The purpose of this paper is to put some “light” over the phenomenon of Dark Pools. Firstly I will give a brief description of what they are, their biggest difference with the normal exchange market, the increasing volume and market share of these Dark-Venues. Secondly I will go through the advantages and disadvantages of trading in a Dark Pool, and finally I will spend some time on how regulators behave and how they should behave about this phenomenon.
A Dark Pool is defined as a trading venue that is alternative to traditional exchanges, so an Alternative Trading System.
The peculiarity of these Dark Exchanges is that the bid-ask quotes are not posted and traders are automatically crossed, related to the volume and price they submitted into this “pool”, by a system that maintains complete anonymity of the actors involved until the trade is executed, so everyone will know about the order eventually, but there is a time delay.
These electronic venues were originally created to protect institutional investors and pension funds to hide big buy and sell orders. This is because traders on “Lit” exchanges, if able to spot a big order or to see a pattern in the selling or buying of stocks, can take advantage by driving the offered share price up or down depending on how this order will affect the demand and offer of the stock. But, as said before, this can’t happen in a Dark Pool as the order volume is not displayed, hence institutional investors can act without fearing the response of other traders.
It’s important to understand that these Dark Pools have been around for a long time, they were called “upstairs trading”, but recently they have become more and more popular, the use of these alternative trading systems has significantly increased since the MiFID (The Markets in Financial Instruments Directive) implementation in 2007, because, among all directives, it abolished concentration rules, resulting in the fragmentation of dark and lit markets. Nowadays we count more than 60 Dark Pools against only 13 lit exchanges. A research done by Bond University shows the proportion of trading volume between dark and lit exchanges, it’s interesting to notice how the volume abruptly increased in 2007 (Figure 1.1).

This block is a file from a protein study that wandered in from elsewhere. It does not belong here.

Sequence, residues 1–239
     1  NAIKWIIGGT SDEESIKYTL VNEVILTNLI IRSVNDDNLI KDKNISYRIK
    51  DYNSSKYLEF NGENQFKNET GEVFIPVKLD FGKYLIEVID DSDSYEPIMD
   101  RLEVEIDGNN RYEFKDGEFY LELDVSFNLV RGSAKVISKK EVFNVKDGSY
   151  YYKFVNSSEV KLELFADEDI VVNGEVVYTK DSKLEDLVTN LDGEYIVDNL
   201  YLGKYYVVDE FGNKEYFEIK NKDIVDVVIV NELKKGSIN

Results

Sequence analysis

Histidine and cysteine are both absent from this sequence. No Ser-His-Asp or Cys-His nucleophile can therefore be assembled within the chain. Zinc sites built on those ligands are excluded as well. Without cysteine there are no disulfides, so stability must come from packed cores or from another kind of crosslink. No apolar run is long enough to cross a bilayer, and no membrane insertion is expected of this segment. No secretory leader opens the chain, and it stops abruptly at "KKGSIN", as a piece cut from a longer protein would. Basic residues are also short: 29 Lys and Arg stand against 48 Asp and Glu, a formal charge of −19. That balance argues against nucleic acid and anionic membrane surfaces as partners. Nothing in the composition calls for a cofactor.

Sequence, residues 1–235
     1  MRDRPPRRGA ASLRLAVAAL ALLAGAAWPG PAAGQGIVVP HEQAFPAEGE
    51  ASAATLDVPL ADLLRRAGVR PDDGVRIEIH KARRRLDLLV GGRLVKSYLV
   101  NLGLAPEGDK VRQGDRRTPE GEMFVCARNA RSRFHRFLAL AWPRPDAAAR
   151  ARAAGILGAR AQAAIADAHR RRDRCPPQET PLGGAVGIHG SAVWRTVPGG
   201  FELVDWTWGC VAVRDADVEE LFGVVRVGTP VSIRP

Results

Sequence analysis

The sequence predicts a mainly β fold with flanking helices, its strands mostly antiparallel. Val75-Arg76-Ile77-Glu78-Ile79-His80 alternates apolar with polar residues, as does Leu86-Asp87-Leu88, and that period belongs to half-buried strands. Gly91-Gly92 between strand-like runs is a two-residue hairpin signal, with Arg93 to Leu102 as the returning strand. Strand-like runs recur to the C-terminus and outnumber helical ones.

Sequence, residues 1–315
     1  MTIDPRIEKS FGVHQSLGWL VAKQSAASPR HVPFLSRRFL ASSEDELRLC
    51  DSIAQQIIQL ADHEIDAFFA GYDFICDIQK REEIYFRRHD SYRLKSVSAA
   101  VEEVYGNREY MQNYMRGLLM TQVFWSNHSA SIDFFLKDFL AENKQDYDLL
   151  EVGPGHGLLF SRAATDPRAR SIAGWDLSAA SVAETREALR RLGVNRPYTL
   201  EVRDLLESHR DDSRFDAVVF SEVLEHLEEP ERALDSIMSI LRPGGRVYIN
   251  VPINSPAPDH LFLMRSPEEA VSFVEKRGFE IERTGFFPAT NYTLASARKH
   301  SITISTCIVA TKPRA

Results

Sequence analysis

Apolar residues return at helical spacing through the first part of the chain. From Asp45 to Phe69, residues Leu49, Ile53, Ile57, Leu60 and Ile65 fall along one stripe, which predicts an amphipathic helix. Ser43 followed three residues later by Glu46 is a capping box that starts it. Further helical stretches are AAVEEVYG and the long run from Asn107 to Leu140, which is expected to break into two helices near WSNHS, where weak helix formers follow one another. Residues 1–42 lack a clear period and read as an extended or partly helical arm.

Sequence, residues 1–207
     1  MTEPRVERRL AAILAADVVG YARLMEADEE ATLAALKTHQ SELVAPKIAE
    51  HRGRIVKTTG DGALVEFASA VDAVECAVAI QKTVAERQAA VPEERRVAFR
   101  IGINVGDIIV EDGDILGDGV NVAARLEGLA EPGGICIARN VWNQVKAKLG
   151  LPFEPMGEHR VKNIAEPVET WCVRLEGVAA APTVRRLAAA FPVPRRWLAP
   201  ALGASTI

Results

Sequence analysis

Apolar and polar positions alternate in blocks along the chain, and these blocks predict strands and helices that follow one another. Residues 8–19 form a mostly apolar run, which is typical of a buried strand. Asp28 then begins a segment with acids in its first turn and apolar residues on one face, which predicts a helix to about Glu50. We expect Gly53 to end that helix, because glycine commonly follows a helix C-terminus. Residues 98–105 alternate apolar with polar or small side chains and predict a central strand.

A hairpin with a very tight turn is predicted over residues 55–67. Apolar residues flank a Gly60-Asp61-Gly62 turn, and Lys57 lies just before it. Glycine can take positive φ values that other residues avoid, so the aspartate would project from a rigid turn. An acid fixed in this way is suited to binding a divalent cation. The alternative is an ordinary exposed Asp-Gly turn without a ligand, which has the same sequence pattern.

Moreover this research shows that volume in Dark Pools was constructed by a small number of big transactions, but this is changing to a preference for a higher number of small transactions.
Figure 1.2 easily shows the increasing trend of using Dark Pools in Europe and in the US.
3. Advantages and Disadvantages
As in all exchanges there are different actors involved in Dark Pools, and each of these have advantages and disadvantages in trading in this alternative system. These actors can be classified as: buy-side, sell-side, government, regulators and the providers of the trading facility.
An advantage given by trading in a Dark Pool is the anonymity in selling or buying large orders of stocks without fearing the impact on the market, and you can trade fairly illiquid stocks in a very discreet manner. Secondly it’s easier to trade these large blocks in the dark rather than in a lit market and you can better control your order. Lastly transaction costs are minimized, as the bid-ask spread is tightened. It’s also important to say that usually traders prefer to operate through Dark Pools, saying that this is the best for their clients. These last advantages can be attributed to both the buy-side and the sell-side. As said by Dr. Keith Ross: “Dark Markets are so efficient that the cost of execution in market impact are lower than at the display markets where fees are highest and market impact is the most significant… Competition for liquidity has created alternative venues like Dark Pools that offer a better experience for traders and investors”.
On the other hand there are a lot of disadvantages relating Dark Pools, the biggest